A “Pizza Justice” & Food At The Supreme Court

Food & Drink

In a speech last week, Justice Brett Kavanaugh remarked that he and his colleagues at the U.S. Supreme Court eat a lot of lunches together. It is a tradition that the most junior justice at the court is tasked with serving on the committee that supervises the Court’s cafeteria, and while the role is less than coveted, food also has a way of bringing the justices closer together.

In his November 14th speech, Justice Kavanaugh noted that when he joined the Court, the Court’s cafeteria was not serving pizza. Calling it an “outrage,” Justice Kavanaugh jokingly remarked that his “legacy was secure.” “It’s fine by me if I’m ever known as the pizza justice.”

It is safe to say that most visitors to the court are not coming for the food, which ranges from sandwiches and soups to salads. Diners on Yelp labeled it “slightly above average for a cafeteria,” while visitors on TripAdvisor praised the cafeteria’s convenience rather than its fare. In 2010, the Washington Post quipped that the cafeteria’s food “should be unconstitutional.” A 2017 Wall Street Journal article was even more blunt: “Don’t Eat There.”

Justice Stephen Breyer holds the record for longest tenure on the committee, during which he was credited with expanding the salad bar. According to Justice Elena Kagan, the monthly meetings of the committee decide such weighty issues as what recipe the canteen should use for the chocolate chip cookies.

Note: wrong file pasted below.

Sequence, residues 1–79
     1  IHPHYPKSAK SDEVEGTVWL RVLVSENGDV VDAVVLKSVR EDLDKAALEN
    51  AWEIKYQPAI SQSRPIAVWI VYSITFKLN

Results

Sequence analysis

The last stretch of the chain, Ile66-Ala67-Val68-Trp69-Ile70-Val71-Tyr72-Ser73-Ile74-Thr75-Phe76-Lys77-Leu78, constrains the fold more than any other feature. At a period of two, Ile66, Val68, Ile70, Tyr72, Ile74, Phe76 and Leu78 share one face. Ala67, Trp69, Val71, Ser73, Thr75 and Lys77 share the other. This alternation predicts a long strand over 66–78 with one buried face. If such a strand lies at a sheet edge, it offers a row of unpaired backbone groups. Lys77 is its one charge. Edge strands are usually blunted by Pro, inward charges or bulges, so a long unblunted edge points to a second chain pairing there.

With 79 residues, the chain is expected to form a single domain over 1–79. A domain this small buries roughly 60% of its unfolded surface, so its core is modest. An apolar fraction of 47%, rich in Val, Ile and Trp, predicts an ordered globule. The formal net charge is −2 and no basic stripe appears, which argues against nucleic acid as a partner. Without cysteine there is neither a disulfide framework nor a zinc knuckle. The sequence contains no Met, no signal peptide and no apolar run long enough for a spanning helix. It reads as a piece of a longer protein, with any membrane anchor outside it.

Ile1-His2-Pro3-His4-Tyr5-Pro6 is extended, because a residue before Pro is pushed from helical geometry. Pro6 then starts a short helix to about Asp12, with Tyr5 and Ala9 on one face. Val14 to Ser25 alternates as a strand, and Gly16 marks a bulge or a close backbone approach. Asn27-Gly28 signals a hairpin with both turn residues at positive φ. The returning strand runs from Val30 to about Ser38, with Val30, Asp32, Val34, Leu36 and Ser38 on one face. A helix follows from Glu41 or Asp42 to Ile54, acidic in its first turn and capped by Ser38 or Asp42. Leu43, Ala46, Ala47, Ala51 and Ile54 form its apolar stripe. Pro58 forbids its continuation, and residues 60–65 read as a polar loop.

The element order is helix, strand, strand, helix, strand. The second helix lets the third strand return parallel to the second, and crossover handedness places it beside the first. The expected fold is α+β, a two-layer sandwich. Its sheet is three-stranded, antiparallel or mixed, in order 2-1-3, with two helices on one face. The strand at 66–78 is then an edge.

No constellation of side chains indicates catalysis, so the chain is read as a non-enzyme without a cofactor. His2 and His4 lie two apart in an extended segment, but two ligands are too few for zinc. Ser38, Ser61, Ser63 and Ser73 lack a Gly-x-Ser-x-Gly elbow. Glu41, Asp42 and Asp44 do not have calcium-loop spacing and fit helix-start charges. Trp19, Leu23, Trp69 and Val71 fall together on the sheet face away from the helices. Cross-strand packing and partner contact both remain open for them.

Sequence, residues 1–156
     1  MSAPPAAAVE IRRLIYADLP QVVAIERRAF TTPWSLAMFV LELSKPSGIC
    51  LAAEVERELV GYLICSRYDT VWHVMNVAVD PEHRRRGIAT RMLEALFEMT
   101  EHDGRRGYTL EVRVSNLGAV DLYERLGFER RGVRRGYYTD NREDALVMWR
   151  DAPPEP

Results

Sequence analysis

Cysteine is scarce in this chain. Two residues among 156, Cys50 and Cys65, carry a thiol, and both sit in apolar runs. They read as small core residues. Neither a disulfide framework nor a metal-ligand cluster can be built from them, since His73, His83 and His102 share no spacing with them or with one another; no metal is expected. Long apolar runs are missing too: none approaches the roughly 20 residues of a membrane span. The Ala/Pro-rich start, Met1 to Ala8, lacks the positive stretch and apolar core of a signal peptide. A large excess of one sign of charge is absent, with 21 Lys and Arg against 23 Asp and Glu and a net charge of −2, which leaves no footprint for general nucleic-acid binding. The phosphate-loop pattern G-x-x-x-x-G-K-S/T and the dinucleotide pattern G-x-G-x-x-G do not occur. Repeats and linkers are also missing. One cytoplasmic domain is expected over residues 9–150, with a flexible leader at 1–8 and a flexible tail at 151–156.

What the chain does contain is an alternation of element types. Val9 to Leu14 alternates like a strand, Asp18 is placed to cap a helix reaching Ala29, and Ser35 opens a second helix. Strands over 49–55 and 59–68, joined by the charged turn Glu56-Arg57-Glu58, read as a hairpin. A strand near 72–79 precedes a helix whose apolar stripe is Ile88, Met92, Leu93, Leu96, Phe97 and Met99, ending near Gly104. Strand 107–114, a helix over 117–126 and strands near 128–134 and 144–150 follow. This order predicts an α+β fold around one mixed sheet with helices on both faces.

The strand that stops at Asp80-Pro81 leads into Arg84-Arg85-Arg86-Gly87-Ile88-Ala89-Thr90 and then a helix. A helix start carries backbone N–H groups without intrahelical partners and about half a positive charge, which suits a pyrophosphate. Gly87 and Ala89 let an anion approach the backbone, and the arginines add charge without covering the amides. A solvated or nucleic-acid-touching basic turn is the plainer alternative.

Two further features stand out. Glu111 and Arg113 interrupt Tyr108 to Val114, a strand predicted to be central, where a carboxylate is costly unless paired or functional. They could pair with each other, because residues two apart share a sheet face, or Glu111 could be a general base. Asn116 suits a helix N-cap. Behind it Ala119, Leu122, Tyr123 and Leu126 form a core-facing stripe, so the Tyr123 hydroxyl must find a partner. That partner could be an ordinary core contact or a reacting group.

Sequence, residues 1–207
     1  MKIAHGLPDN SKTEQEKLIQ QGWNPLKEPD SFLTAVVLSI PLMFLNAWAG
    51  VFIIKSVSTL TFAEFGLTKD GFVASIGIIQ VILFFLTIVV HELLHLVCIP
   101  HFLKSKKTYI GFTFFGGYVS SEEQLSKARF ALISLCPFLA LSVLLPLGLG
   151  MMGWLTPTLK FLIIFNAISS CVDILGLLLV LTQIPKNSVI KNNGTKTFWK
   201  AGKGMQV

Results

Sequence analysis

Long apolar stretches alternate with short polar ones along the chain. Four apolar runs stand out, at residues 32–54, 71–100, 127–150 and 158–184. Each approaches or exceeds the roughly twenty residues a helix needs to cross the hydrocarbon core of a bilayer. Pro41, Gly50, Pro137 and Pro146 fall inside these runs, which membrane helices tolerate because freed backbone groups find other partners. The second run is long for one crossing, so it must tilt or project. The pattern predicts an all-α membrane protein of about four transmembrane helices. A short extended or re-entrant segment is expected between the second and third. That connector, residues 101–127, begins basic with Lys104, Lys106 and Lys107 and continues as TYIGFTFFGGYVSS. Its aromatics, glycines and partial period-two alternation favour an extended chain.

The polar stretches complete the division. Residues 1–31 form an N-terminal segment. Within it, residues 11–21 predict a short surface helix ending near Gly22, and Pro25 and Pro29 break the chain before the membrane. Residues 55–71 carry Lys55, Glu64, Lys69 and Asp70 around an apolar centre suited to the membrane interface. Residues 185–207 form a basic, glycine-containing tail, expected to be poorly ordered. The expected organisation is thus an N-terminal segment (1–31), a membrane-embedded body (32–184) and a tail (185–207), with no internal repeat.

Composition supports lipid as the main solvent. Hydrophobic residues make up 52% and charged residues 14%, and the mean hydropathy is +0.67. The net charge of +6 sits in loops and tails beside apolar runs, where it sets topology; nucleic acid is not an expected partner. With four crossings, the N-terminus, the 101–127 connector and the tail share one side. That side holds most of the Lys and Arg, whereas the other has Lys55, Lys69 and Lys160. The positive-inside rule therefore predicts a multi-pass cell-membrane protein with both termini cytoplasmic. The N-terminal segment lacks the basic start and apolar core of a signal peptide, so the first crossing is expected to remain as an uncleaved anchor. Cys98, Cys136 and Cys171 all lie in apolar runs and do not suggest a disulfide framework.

Justice Kagan had a particularly successful stint on the committee, being praised by Chief Justice John Roberts for getting a new frozen yogurt machine installed. According to Roberts, “No one at the court can remember any of the prior justices on the committee doing anything.”

Speaking on a 2016 panel with Justices Sonia Sotomayor and Ruth Bader Ginsburg, Supreme Court curator Catherine Fitts noted that civility has been embraced and enforced through food during the court’s history.

In the early 1800s, Chief Justice John Marshall and other justices regularly dined together while staying at the same boarding house in Washington, D.C. As the late Chief Justice William Rehnquist described in a speech about Marshall:

If it were raining, [the justices] would have a glass of wine with dinner. They looked forward to this ritual, and one day were expressing regret that the weather outside was fair and sunny. But Marshall said “somewhere in our broad jurisdiction it must surely be raining,” and from then on they had a glass of wine with dinner every day.

No less than Chief Justice (and former President) William Howard Taft required that the Supreme Court building be designed with a canteen and dining room for justices. Since the 1970s, the justices have enjoyed an hour-long lunch adjournment. Now, many justices use that time to dine together in meals that might involve sharing food, celebrating one another’s birthdays, and discussing museum exhibits.

While Justice Kavanaugh is the latest justice to serve on the cafeteria committee, his time as the “pizza justice” provides just the latest chapter in the intertwined history of food and the Supreme Court.

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